Well, not only have our FOTA plots been struggling with the so-called Irish summer, we’ve also had an extra 'baaaah' factor thrown in! I'm not sure if sheep are as stupid as everyone thinks as our opportunistic ovine neighbours timed an uprising just as we went off air! By the middle of May, I was faced with lots of 'grazed beds', broken herb pots and an empty salad trough. Thankfully some plants are more resilient than others and even if all my leafy greens and edible hedge got completely scoffed, my rhubarb and a few other cut and come again plants actually look better now, so all was not lost! One has to look at the bigger picture in times of crisis and all I can say is, thank god it wasn't the bisons that broke in!
The Growing Season So Far
Every growing season presents it's own challenges and this year cold and windy weather has hindered things. The fine dry early Spring tricked us all into getting everyting into the ground early but then followed a wet, cold and windy May and June with the cold nights and touches of frost in places doing the most damage. Courgettes, pumpkins and runner beans have been very slow to take off but thankfully the old reliables like onions, potatoes and lettuce have been fine.
Broadbeans and Blackfly
Last week I spotted some large colonies of black fly on my broad beans. In between catching ladybirds and putting them on the affected plants, I have pinched out the growing tips (this is where they congregate in clusters) and blasted a fair few off with the hose. This does no damage to the plant and will allow the plant to put it’s energy into swelling the beans. Keep an eye on your plants, as early detection is vital and spray with soapy water if infestation continues. For next season, you could try growing poached egg plants nearby because these attract hoverflies which will eat these black, bean loving aphids
Water, Water, Water
Once plants are growing you need to keep a maternal eye on them and that includes ensuring they have sufficient water, even in our Irish climate. My advice is to water gently and THOROUGHLY rather than little and often. A good soaking encourages plants to put down deep roots and find the water they need. Also, WATER THE SOIL NOT THE PLANT, as water is taken in by the roots and evaporated by the leaves. Old fashioned watering cans and hoses work well but there are loads of sprinkler systems, drip hoses fitted with timers and other gadgets on the market so choose one to suit your own needs. The golden rule is not to water in the heat of the day as most of it will evaporate off the surface. If you can, water early in the mornings or in the late evening. If you go for the evening option, ensure there is enough time for the plants’ leaves to dry and bewarned, slugs love wet ground and are predominatly creatures of the night! Different plants have different water needs, so it's good to grow plants with similar needs together. Some crops, eg tomatoes and all plants in containers need a lot of water in the heat of the summer. A good way to get water to their roots is to bury an inverted plastic bottle with holes pierced in it near to their roots. Water conservation is a key issue so it makes sense to ensure that water is not just evaporating and is getting directly to the roots where the plant can access it. Rain water is the best water for plants. It doesn't contain any of the chemicals or additions of drinking water. With talks of water rates on the horizon, if you invest in a good rainwater-harvesting butt, all your garden water will be plant loving and free!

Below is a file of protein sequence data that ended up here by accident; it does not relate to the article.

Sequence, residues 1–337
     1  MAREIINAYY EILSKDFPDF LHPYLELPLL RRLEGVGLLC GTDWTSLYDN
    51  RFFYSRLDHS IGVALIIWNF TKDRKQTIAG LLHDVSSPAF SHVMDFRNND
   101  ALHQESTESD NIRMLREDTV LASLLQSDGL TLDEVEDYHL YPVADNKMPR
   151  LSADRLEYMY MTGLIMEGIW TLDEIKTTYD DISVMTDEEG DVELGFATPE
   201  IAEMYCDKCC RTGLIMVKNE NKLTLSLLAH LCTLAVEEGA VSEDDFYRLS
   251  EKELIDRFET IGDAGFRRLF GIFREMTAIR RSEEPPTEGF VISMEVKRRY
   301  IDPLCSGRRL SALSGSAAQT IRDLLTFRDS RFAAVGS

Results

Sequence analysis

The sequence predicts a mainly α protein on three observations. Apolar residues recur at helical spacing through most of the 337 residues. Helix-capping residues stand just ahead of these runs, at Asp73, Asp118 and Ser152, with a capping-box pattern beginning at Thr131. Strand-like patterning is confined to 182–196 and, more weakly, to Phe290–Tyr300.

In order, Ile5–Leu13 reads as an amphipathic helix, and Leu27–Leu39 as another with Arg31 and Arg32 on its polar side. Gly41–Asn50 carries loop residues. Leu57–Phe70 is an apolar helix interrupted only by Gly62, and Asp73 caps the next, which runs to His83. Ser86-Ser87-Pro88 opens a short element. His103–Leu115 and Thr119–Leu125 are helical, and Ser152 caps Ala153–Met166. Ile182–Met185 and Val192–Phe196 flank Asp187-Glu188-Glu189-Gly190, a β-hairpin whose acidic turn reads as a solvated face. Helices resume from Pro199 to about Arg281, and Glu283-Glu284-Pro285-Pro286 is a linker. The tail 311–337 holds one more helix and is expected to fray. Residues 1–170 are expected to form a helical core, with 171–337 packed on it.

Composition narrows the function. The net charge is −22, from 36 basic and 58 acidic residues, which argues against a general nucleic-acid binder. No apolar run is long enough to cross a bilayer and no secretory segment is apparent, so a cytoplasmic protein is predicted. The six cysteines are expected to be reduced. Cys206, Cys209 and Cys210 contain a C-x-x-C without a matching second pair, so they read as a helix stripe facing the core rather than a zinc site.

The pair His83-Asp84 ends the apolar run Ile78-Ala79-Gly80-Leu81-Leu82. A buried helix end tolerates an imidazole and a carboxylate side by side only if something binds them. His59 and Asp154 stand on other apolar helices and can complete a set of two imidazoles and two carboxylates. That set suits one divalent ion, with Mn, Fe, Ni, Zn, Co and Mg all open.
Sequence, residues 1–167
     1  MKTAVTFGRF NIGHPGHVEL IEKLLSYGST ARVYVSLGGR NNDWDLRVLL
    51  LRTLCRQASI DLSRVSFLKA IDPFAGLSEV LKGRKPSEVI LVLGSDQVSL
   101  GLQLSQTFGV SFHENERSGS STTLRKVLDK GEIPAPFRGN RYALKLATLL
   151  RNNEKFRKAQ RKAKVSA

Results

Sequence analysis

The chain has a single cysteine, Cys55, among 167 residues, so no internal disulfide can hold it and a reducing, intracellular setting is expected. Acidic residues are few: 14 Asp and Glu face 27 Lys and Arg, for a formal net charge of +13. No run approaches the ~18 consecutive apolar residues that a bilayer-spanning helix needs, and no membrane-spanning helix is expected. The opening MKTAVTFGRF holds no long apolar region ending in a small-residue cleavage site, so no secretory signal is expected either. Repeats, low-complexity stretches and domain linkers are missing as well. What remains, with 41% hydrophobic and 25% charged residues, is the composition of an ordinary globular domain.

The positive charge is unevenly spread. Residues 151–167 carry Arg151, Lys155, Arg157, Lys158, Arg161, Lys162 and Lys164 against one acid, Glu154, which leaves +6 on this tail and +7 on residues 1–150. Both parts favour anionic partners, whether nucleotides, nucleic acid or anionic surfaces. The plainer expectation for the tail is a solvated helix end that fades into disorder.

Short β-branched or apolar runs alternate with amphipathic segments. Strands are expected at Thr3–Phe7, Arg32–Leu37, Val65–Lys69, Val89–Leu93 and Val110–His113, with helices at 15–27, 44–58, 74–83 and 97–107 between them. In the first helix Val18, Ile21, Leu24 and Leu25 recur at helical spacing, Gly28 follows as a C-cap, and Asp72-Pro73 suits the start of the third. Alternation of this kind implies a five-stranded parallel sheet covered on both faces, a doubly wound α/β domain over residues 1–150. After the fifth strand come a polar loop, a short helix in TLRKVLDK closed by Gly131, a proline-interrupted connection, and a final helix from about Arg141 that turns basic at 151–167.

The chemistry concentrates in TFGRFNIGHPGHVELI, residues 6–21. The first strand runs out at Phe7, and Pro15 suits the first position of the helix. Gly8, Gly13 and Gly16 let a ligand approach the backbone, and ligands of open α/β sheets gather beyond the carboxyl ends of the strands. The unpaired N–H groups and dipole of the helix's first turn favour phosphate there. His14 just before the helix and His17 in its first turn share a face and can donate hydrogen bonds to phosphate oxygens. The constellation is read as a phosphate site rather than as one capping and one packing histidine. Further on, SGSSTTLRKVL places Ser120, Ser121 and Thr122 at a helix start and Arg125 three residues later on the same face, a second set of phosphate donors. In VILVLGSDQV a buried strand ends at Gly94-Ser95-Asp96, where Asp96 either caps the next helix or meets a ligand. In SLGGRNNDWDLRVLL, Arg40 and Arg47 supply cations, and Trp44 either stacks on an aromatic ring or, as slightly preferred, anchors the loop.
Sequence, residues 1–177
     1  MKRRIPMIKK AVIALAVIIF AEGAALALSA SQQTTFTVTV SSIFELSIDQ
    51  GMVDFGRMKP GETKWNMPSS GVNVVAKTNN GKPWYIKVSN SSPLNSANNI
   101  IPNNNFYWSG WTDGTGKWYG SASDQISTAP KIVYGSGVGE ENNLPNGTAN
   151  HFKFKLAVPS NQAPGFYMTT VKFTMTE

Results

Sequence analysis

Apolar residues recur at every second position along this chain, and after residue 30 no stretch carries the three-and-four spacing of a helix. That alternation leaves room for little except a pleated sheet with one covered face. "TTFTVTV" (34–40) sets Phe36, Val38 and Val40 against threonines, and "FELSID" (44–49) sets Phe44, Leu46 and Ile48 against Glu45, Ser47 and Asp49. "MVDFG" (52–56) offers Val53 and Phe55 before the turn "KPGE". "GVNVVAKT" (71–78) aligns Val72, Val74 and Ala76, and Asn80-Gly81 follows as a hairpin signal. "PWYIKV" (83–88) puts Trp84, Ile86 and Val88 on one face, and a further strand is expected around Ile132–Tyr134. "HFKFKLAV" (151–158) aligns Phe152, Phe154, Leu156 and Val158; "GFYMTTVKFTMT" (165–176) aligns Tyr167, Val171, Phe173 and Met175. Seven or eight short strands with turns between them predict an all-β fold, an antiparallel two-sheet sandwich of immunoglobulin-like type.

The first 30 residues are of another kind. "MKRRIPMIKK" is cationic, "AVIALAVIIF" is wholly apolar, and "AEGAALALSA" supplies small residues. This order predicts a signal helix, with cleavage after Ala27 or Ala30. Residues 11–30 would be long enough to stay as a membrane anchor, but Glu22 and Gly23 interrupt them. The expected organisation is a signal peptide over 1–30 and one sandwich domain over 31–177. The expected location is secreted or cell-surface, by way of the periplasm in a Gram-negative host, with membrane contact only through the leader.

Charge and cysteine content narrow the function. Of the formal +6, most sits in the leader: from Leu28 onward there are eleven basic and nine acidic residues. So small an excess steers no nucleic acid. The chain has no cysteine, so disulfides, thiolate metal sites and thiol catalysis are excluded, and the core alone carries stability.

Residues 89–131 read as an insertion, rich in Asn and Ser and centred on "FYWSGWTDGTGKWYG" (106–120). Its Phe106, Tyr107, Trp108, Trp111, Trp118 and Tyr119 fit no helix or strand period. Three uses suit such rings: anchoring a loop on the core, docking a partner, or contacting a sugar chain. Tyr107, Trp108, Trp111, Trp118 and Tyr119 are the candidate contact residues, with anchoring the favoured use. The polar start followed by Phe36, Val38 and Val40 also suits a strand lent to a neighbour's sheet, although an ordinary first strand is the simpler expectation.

In July you might get carried away with your bountiful harvests and forget there is still crops that you can still sow and plant. This week I transplanted some red and green oak leaf lettuce to ensure I have fresh salads to keep me going right through the bbq season. In July you can still sow: lettuce, scallions, white turnip, radish and florence fennel. If you want some leafy greens to keep you going through the winter, you could transplant kale, swiss chard and perpetual spinach. I put in some kale in my brassica bed and the golden rule for summer transplanting is, TRANSPLANT IN DULL WEATHER OR IN THE EVENING. Transplanting slightly stresses plants, so make sure to give them a good watering to help their roots settle.
Blight could be in the air so I'm planning to make a homemade recipe to keep the blight at bay.